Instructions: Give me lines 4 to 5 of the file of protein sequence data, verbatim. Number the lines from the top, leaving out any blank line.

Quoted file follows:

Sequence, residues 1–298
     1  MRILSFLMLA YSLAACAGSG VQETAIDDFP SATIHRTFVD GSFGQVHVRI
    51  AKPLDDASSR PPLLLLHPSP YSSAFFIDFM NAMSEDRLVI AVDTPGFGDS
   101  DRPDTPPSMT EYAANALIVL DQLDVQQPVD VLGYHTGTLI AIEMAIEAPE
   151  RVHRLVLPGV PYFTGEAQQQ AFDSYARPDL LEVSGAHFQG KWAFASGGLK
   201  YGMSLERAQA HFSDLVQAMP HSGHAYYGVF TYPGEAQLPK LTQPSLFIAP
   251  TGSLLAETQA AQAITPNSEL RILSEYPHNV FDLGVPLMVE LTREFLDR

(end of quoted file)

   101  DRPDTPPSMT EYAANALIVL DQLDVQQPVD VLGYHTGTLI AIEMAIEAPE
   151  RVHRLVLPGV PYFTGEAQQQ AFDSYARPDL LEVSGAHFQG KWAFASGGLK